44 Hours of Sin (City)
"Dad, can I swear?"
So began 44 hours in Sin City with my Jawa. A few thousand yards of Las Vegas Blvd., "The Strip" to tourists and locals alike, drew forth this response. He was staring up at New York, New York, our hotel, when he said it. I denied his request, naturally. What happens in Vegas, stays in Vegas, except when your dad is in the front seat.
A word about New York, New York: last year, while attending the wedding of the Legendary Dr. Bandeau, I stopped into New York, New York while waiting for everyone else to arrive. At that time, I found it the goofiest, lamest, cheesiest theme hotel, casino or park on the planet. Something about the dueling pianos playing Billy Joel, or the reproduction of the bar already made into a movie ("Coyote Ugly") raised my legitimate and real urban hackles, so I sat at the least obnoxiously theme-y bar and sneered at the tourists around me.
This time, seeing it through a 9-year-old jawa's eyes, it seemed wonderfully colorful and fun, as true to its theme as Disneyland to Tomorrow, Fantasy, Adventure, Main Street and New Orleans, which is to say, just fine. In fact, I can't think of a better place to stay with a jawa, save for perhaps Mandalay Bay on the strength of its many and varied swimming options.
What do you do in Las Vegas when you are sans wife and cohort, but with jawa? You don't gamble and do very little strolling around, drink in hand. Instead, you spend hours in the arcades. In a strange, under-21 approximation of a bunch of guys at a bachelor party, we quickly dropped our stuff in our room, then zoomed down the elevator ... to get to Gameworks and drop $20 on video games.
Two hours passed as the Jawa strapped himself into interactive "Star Wars" games, "Jurassic Park" games, a skateboarding game and something where the entire machine swung around in circles as he fired at some kind of on-screen bogies. I stood there, hands in pockets, still trying to figure out if I was allowed to have a beer or not.
The problem is that it's very, very strange to walk around Las Vegas minus vices, treating it as if it were an adjacent land conjured by Disney. "Sin City," indeed. Weirdly, but not surprisingly, to be an obvious dad in Vegas is to be completely invisible. Nobody, not the packs of women, the packs of guys, the old guys, the young guys, the sports teams here for Easter tournaments, the guys shilling for strip joints and casinos, nobody acknowledges you, not even the other dads, who are busy re-assessing their masculine power even as you do your own.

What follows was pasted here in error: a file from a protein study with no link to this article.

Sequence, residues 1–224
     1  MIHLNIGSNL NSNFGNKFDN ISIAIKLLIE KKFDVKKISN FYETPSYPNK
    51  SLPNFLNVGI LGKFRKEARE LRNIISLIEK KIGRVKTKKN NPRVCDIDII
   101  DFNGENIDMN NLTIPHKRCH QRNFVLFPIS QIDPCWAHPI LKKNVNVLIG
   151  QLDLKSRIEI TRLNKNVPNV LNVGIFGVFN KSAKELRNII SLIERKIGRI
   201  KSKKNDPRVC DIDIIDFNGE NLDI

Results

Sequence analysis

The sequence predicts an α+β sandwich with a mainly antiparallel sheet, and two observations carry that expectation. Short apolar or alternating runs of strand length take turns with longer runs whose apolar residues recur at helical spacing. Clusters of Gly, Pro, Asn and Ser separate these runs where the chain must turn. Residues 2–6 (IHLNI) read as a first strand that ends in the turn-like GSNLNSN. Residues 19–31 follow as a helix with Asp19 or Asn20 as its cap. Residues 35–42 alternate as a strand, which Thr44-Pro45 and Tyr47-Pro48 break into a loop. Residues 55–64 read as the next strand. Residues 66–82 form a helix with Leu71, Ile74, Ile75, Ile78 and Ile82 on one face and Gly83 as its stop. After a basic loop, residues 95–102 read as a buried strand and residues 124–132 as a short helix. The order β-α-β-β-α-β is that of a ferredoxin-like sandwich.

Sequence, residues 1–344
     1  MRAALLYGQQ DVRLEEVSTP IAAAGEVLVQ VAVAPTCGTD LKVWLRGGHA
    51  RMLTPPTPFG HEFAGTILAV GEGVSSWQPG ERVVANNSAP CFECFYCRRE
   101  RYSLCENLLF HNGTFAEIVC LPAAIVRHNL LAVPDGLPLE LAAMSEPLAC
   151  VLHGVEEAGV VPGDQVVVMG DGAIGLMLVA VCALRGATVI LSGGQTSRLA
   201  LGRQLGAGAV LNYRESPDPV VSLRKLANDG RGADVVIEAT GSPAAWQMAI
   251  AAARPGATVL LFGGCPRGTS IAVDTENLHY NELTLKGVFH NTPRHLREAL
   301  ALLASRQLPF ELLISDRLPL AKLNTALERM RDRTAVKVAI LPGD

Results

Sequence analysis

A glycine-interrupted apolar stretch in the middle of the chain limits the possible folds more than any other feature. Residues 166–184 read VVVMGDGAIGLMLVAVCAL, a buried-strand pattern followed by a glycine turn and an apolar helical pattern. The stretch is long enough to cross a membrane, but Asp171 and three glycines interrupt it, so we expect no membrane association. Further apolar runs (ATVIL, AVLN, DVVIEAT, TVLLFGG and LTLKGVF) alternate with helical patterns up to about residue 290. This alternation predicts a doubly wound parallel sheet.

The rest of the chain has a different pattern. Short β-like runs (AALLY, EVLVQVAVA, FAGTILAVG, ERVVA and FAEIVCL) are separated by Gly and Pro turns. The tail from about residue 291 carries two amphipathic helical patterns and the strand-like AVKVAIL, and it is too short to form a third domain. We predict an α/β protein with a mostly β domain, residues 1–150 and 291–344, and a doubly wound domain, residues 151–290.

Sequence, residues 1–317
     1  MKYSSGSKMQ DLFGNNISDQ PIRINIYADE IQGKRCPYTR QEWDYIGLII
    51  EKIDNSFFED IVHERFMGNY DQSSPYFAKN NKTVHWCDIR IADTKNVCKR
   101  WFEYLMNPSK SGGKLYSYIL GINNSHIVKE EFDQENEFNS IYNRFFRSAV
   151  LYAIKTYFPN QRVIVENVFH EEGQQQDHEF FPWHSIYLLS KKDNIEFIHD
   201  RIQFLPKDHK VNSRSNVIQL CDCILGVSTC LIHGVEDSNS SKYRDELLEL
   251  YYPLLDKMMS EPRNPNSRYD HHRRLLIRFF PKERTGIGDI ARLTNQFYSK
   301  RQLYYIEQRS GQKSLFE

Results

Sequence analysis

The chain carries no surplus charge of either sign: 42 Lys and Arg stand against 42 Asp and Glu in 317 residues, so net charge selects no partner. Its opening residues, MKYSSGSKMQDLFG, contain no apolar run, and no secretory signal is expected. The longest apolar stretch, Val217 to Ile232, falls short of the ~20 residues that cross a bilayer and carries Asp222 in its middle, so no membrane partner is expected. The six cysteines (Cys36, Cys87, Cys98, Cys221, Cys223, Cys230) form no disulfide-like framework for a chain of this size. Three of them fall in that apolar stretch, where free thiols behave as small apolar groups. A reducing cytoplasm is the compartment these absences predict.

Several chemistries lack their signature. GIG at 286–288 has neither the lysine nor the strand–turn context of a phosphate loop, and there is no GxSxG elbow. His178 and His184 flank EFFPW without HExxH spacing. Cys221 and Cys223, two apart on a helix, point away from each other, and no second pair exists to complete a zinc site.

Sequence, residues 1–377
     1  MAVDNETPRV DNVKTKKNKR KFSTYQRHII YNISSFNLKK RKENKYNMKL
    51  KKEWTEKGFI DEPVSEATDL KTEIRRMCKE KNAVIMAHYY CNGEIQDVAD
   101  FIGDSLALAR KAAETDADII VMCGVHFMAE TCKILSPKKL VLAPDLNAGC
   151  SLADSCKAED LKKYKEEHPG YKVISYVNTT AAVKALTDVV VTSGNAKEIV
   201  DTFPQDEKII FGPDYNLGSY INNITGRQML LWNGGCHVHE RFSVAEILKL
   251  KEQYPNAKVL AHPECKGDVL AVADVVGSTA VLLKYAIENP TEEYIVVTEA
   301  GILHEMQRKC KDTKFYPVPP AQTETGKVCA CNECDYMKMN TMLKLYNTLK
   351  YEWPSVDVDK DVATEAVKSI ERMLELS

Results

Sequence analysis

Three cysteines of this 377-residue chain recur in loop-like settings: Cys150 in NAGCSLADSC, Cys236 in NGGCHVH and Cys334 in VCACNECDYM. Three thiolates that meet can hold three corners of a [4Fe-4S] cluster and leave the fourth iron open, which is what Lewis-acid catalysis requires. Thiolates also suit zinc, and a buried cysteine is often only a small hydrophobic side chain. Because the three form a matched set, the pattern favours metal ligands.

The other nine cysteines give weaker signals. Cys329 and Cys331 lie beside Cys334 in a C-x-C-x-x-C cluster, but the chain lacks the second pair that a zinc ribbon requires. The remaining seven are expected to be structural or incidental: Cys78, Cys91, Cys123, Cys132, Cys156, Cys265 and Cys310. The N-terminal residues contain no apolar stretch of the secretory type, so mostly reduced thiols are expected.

As a sidelight, fifteen minutes after parking our car, the Jawa and I had this conversation:
"Dad, what does 'sin city' mean?"
"Because I think Detroit should be 'sin city'."
"Because that's where all the bad things happen. Sins are bad, right?"
After our week in Sun City WEST, we had only 44 hours, and the good fortune of local escorts, in Sin City. The soon-to-be-married Kathaleen, plus her Scottish fiancee Bill, steered us through the crowds and keyed the Jawa into his favorite attraction, the Bellagio water show. "Choreographed by some washed-out Broadway guy, I bet," said Kathaleen, dryly. Fiancee Bill eagerly assumed to role of good-time and knowledgeable uncle, reaching for the Jawa's hand each time they crossed one of Las Vegas' enormous crosswalks. He ground out local facts and anecdotes with a vehemence that suggested that is was he, and not his betrothed, who was an Associated Press reporter. At one point, after speaking accentless English all night, he disappeared from sight, only to reappear standing next to another Scottish guy, a blackjack dealer he knew, now speaking with a thick Scottish accent. Proximity?